Sometimes I defend 'snowflakes'. Other times I mock the manosphere. I watch Feminist Frequency and Sargon's response videos (although he does my fucking head in, especially when he starts shouting). I reluctantly engage in the battle between Social Justice Warriors and the manosphere because it originated in America, and I dislike applying the philosophy of the USA to the UK. However, it seems to be where the big public debate is at and, frankly, it enticed people onto my blog. They might even read one of my posts which isn't about social justice. I'd like people to read my thoughts on theatre, really.
Anyhow, on the echo chamber known as Facebook, there's another debate about whether a joke is sexist, or a joke, and what are the appropriate areas to discuss, and censorship and...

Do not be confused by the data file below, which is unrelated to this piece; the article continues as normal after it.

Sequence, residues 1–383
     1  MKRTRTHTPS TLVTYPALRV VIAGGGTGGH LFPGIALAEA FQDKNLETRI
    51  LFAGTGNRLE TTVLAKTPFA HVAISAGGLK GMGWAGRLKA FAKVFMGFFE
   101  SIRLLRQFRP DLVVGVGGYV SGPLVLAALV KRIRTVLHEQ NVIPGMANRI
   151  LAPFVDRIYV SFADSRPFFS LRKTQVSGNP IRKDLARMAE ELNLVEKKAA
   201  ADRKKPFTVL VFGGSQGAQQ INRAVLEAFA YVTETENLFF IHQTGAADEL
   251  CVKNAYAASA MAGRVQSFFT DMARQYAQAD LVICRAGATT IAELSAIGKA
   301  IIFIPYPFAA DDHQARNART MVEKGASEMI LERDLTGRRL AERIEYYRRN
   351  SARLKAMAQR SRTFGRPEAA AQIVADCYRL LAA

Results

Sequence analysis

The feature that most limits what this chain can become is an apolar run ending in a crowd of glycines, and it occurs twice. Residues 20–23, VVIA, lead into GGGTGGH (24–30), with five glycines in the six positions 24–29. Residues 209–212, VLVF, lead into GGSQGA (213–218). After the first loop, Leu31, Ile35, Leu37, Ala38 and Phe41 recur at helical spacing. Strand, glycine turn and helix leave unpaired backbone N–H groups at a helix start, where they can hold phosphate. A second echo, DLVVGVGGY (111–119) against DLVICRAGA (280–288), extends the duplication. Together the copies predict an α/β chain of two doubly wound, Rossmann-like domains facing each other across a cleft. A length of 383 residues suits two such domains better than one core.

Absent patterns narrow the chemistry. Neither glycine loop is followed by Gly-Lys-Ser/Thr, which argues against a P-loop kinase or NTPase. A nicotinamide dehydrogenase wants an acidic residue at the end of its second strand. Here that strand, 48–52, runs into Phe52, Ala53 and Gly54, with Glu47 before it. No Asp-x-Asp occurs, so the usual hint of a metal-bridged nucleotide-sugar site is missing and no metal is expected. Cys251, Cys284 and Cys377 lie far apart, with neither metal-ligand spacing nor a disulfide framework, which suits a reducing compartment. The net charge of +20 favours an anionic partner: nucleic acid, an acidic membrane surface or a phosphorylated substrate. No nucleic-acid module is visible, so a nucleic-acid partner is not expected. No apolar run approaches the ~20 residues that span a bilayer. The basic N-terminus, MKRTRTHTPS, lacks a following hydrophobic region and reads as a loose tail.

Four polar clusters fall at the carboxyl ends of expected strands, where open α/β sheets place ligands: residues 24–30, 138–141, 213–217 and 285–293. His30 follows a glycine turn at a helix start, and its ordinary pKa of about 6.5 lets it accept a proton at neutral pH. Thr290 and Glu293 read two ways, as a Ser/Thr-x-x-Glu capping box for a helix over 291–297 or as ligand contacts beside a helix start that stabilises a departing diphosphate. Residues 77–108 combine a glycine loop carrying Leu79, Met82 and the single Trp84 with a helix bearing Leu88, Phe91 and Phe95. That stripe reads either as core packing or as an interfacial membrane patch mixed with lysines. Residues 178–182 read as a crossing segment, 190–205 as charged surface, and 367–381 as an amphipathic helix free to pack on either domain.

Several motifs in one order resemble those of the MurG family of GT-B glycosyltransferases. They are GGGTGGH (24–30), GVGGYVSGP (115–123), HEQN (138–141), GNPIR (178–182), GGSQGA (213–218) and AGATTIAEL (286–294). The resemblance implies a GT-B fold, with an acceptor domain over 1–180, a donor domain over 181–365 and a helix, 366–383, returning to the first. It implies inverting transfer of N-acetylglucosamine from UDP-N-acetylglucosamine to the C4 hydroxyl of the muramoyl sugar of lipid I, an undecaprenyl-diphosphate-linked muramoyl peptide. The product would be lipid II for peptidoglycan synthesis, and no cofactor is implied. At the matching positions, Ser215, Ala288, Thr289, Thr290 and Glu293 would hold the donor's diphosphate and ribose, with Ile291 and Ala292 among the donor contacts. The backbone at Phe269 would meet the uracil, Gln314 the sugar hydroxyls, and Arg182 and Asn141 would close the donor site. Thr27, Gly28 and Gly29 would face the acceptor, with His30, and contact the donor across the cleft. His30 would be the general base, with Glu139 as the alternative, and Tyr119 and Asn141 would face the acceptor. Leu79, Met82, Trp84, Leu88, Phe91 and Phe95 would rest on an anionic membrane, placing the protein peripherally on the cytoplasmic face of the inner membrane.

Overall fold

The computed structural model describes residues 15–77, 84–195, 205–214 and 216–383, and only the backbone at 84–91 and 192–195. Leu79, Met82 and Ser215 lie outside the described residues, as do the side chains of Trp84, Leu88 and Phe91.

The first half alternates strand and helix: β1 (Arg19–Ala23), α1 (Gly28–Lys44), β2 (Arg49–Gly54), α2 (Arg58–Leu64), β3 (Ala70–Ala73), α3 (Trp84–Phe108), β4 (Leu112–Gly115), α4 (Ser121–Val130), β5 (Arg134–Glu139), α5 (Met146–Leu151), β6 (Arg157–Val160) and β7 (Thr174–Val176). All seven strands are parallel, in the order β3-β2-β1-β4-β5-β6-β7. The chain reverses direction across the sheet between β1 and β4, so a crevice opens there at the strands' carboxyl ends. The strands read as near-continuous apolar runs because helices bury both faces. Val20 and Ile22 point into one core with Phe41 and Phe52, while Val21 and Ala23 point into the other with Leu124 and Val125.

Let me tell you a story.
Once upon a time, when I did relationships, I would often attempt to get out of an argument by saying that I had been joking. That never worked. I had actually been rude or insulting, but was trying to backtrack.
Jokes are serious things. Was Bill Hicks just telling a joke? Being witty is a great way to slip in big ideas, while holding attention. If you can't be witty, being obnoxious is not an alternative.
Hell, I have an entire critical persona, Mad Cyril, who is a joke. He says the things I don't want to say, in the crudest language. He's a joke - he is not like me, he is a parody - but that doesn't mean I don't believe some of the things he says. Actually, his persona is a framework to give context and maybe irony to his statements.
Cyril was dramaturged by Elliot Roberts, and was invented as a response to the Hoffman's belief that social personality is performed. That is, we are all acting. Cyril is me, acting.
Facebook persona are performance. They are not our essential selves. To mistake our social media presence for our identity... shit. That might be the biggest mistake of the twenty-first century.
I think my sense of self is a joke. Here comes the punchline...